The first quarter costs associated with recalling almost 2.6m cars in the first quarter have ended General Motors' dream of making a record $10bn profit, a media report said.

After polling analysts, Bloomberg News concluded CEO Mary Barra may have to announce a first quarter loss later on Thursday (24 April).

[Later story: US: Despite recalls, GM posts $100m first quarter net profit]

The recall cost, combined with continued losses in Europe and difficulties in Russia, Australia, Asia and South America, prompted analysts to downgrade their earnings estimates, the report said.

Barclays plc industry analyst Brian Johnson told Bloomberg he'd lowered his earnings estimate to a cent per share loss from a 20 cent profit.

He predicted that the company would have its worst results since the fourth quarter of 2009, as GM emerged from US government backed, Chapter 11 bankruptcy reorganisation.

In the last four weeks, all 11 analysts surveyed by Bloomberg lowered their consensus estimate for GM’s first-quarter adjusted earnings per share (EPS) 92% to four cents a share.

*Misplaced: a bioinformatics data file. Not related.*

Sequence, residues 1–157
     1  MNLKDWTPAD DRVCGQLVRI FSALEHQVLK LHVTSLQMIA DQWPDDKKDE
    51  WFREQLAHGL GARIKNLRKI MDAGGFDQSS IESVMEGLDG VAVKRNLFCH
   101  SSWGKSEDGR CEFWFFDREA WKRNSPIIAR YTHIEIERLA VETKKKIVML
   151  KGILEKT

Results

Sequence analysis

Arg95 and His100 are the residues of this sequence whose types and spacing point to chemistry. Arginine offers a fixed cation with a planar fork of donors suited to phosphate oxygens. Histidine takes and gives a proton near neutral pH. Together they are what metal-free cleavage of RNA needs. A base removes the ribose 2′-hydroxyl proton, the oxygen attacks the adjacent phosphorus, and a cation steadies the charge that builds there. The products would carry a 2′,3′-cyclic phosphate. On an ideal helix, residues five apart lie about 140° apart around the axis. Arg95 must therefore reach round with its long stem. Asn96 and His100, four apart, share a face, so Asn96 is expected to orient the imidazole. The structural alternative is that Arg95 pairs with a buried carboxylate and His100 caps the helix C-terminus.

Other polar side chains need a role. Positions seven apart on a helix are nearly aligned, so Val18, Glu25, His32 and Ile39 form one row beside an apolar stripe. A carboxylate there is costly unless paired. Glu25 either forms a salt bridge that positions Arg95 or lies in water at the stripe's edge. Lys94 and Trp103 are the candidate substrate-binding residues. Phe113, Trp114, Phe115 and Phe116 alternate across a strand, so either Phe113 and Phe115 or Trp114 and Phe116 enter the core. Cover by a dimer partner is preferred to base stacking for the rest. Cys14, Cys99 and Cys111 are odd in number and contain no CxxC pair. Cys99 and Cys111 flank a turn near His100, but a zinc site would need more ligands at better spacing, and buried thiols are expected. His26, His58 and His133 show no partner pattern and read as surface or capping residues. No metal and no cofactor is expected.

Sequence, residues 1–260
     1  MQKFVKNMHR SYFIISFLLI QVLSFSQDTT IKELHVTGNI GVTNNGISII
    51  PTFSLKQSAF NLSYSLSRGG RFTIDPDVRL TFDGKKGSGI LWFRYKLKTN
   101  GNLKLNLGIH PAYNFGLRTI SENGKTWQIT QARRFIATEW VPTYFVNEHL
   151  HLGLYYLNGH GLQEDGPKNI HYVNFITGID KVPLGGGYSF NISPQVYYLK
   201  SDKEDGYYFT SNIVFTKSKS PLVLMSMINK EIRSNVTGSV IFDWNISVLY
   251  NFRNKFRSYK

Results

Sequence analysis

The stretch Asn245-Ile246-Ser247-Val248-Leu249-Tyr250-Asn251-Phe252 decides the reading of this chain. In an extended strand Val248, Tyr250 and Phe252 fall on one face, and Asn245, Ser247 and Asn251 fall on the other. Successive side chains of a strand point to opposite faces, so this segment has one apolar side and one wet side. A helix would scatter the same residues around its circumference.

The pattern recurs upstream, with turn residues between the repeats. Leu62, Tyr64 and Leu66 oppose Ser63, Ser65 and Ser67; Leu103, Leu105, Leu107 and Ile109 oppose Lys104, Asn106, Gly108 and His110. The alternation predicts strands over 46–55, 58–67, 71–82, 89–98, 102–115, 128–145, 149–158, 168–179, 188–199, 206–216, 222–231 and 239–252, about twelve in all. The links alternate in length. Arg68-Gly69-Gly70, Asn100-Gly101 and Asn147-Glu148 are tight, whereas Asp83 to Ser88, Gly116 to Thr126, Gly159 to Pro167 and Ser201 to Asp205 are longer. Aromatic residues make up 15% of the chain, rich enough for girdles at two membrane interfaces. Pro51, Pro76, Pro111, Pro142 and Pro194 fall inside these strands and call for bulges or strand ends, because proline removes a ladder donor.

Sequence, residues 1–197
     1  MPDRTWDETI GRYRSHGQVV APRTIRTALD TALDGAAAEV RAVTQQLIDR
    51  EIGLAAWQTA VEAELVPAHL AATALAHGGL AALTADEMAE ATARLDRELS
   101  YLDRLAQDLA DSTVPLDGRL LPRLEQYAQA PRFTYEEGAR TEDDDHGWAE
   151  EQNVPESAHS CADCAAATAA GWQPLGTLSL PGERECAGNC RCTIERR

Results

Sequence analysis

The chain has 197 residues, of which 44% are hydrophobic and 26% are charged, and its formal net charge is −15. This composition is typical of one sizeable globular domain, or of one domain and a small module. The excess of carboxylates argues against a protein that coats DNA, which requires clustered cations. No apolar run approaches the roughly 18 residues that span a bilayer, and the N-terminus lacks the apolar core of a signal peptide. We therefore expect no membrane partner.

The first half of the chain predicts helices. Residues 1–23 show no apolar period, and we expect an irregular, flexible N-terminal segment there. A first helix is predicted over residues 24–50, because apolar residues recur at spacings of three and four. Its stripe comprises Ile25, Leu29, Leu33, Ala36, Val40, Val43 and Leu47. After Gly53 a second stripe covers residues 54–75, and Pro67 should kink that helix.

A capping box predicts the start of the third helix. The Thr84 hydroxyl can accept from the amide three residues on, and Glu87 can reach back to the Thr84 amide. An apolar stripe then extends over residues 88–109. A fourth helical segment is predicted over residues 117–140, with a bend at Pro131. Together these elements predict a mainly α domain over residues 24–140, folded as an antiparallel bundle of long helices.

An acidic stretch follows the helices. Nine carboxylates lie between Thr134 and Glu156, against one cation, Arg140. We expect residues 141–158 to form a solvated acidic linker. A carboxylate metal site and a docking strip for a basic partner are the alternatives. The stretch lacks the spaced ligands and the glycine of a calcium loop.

GM Q1 2013 net profit was $1.18bn or 67 cents a share adjusted.

Bloomberg noted the automaker had forecast a $1.3bn loss for costs related to recalling 7million vehicles, including those with faulty ignition switches on top of a $400m pretax charge for Venezuela currency movements and any losses in Europe, which have totaled over $18bn since 1999.

Johnson told Bloomberg he estimated GM would have restructuring costs in Asia and South America.

It also has costs in Australia arising from the recent decisions to axe the newly established Opel dealer network and end local Holden car manufacturing in a couple of years.